Here in Baltimore, the schools are closed for three days this week – yesterday because of Martin L. King Jr Day, today and tomorrow for “professional service”. Since the wife and the baby have their ‘mommy and me’ class on Mondays, I took the Monster around with me, then out to the JCC to pick up the baby so the wife could have personal time.
So, on our way to the JCC, we stopped at Starbucks so I could get a coffee and a treat for the Monster. It was good practice for working on techniques we’ve been trying to strengthen with him – making sure he’s holding a hand in public (that he’s doing most of the work to stay close), especially the parking lot, and ensuring that he’s ‘okay’ in crowded places after how he was reacting late on Sunday night at the aquarium. When we approached the door, a nice woman opened it for us and let us through, commenting that she ‘has one of her own’.
Now, ordinarily, most of us take that the way you’d think, ‘one of her own’ being a child. (And, let’s be honest – the Monster’s awfully cute.) When we were waiting in line for orders, though, she asked further. Specifically – she had noticed that he was doing a little bit of toe-walking, and gently inquired into how the Monster is doing.
I’m hardly shy about the Monster’s Autism, to be fully fair, because I think that the only way that people in general are going to have a greater awareness about Autism and related disorders is if they’re exposed to people with those disorders. So we got into a discussion about him, that he’s on the spectrum and is high functioning, that he’s only partially verbal but quite friendly and social. She crouched down to his level and I coaxed him into saying hello, and she commented on the fact that he made very good eye contact while saying hello…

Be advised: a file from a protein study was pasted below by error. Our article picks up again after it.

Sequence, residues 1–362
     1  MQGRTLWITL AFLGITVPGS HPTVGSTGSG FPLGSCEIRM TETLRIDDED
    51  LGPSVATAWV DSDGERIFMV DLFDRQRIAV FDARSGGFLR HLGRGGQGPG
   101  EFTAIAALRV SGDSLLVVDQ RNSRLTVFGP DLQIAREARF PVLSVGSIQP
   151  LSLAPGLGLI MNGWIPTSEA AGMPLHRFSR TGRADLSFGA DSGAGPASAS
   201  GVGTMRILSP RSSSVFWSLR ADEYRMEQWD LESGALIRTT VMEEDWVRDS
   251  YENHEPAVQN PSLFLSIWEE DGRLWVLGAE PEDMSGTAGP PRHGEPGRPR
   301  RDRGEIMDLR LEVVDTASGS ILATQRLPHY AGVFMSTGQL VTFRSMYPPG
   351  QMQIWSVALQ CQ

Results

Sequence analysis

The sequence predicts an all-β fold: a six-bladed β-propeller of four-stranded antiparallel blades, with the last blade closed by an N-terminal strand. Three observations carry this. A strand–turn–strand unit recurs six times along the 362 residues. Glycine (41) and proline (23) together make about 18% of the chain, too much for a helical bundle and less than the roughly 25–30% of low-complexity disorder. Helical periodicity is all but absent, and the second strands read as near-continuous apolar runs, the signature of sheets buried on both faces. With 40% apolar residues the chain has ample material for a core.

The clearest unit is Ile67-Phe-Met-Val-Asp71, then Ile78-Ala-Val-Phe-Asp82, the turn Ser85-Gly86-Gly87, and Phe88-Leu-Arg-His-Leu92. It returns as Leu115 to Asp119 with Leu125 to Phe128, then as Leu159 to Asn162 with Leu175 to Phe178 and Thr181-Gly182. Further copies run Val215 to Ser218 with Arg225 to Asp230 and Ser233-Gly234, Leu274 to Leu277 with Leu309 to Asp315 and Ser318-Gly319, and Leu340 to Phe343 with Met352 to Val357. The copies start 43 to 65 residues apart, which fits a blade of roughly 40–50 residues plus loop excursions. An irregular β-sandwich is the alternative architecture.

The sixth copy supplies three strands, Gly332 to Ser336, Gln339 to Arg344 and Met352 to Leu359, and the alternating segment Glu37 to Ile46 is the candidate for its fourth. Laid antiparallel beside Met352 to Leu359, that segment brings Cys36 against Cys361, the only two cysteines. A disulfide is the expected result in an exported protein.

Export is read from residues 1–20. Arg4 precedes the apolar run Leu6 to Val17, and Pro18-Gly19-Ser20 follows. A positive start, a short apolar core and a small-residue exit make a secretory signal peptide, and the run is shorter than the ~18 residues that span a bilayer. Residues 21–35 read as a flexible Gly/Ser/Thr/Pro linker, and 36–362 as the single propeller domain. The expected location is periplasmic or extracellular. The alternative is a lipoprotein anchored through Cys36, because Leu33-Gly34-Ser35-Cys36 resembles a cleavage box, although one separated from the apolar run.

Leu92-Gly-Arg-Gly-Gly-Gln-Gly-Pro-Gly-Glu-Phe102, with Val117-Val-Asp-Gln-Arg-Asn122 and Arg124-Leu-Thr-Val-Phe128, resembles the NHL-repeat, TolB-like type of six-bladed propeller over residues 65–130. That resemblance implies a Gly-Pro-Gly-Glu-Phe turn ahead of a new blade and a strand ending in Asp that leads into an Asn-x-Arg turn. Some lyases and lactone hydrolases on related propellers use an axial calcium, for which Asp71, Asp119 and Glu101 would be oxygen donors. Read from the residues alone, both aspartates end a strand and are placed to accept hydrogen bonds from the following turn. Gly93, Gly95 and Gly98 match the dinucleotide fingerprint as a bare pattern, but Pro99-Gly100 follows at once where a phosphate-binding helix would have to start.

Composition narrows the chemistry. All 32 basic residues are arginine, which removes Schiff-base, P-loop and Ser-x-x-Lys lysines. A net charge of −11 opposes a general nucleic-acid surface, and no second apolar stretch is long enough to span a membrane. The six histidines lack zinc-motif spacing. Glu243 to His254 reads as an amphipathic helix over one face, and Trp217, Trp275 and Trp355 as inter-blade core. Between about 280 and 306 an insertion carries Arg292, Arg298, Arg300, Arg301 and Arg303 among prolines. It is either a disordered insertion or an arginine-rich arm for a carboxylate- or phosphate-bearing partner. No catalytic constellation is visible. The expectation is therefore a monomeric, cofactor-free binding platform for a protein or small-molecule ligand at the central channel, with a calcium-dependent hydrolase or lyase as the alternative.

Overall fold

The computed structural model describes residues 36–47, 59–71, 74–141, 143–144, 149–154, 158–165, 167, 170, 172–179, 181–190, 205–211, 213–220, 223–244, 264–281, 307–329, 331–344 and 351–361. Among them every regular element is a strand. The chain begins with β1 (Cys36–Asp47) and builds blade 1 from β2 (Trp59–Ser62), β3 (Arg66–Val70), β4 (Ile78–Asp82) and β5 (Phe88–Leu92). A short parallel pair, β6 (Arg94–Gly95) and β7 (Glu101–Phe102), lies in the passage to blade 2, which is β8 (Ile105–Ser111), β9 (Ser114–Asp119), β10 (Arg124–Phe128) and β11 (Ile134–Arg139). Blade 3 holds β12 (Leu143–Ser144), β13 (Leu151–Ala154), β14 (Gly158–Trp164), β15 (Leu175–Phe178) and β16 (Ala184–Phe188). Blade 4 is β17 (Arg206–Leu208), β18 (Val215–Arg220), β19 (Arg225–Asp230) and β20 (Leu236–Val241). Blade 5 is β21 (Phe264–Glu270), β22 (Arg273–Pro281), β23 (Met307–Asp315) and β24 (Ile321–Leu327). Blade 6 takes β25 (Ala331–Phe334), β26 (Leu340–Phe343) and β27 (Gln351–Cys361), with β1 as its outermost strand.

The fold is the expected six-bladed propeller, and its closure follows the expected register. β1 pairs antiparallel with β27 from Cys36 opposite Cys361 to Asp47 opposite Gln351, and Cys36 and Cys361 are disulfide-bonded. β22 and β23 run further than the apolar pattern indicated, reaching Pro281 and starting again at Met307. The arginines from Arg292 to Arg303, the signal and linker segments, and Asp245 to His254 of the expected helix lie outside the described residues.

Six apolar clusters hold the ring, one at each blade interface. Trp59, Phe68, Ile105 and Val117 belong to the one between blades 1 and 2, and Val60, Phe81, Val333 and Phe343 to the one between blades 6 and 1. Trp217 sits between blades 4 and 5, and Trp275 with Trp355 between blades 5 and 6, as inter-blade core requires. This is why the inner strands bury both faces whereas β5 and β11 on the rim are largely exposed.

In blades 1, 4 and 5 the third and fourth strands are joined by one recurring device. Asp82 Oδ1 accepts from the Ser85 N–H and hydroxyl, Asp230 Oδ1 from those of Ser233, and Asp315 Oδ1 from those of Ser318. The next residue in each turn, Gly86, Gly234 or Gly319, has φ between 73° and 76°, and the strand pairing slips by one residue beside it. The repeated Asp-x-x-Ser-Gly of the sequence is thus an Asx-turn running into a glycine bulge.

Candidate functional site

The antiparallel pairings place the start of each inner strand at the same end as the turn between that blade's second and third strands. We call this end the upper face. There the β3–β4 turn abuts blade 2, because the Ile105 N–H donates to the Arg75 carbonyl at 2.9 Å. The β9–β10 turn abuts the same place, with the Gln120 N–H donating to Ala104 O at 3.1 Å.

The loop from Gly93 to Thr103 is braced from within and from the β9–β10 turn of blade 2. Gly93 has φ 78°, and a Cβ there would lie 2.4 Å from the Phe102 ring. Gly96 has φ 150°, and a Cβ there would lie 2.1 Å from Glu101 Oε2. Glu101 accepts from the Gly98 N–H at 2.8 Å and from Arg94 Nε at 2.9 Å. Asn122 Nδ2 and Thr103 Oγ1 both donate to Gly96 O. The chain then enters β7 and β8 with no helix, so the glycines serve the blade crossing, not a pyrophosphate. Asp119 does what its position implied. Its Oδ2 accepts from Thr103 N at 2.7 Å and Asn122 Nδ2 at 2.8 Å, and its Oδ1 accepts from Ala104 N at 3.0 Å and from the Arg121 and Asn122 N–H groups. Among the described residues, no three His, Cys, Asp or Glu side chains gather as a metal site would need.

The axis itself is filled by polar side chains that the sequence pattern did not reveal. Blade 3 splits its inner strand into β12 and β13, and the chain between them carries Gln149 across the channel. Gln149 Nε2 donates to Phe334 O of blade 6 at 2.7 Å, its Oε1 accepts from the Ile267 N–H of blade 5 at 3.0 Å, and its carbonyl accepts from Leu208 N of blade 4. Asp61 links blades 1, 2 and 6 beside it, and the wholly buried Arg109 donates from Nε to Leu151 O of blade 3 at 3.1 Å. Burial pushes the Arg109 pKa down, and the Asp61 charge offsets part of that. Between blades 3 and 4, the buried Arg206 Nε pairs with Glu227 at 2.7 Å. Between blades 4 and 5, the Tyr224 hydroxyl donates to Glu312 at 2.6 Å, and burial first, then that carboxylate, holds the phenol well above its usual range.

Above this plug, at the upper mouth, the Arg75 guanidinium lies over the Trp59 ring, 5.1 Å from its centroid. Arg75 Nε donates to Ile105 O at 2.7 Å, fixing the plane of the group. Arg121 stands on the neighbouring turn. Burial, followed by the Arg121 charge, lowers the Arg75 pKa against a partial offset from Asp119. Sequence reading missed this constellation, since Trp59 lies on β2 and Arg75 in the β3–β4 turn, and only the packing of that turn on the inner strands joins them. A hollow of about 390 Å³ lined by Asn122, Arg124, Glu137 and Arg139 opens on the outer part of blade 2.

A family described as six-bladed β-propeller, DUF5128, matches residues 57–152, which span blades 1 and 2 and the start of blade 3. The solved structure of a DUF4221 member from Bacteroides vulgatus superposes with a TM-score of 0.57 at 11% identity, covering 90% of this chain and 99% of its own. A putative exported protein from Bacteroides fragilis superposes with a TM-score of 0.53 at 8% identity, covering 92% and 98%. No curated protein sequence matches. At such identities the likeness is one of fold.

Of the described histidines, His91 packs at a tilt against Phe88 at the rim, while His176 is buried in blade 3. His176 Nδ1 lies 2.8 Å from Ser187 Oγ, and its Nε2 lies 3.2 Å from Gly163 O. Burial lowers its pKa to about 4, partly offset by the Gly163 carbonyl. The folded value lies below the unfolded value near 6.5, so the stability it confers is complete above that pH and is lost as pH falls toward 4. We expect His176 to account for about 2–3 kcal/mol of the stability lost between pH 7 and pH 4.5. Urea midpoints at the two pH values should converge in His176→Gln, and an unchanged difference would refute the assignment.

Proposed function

The subject of discussion while we were waiting for our orders aside (IEPs and the difficulty of getting diagnoses/help), it’s one of those moments that I really do enjoy and can somewhat relax in, when I’m talking with someone who doesn’t have some of the weird conceptions about what Autism is or how to treat it. No being asked why I’m letting the Monster have a cooky for thoughts on the whole GFCF thing. No presumptions that the Monster’s intellectually impaired just because he has Autism, as evidenced by the fact that he can string together a sentence just fine (when he wants) and responds to instructions in multiple languages. And bonus points for the fact that we had a meaningful conversation about the program the Monster’s in with the public schools, and how the district she’s from in New York has a very similar program that seems to get decent results.
I don’t know if it’s ‘weird’ to actually find it nice when folks understand what the Monster has… but I like it.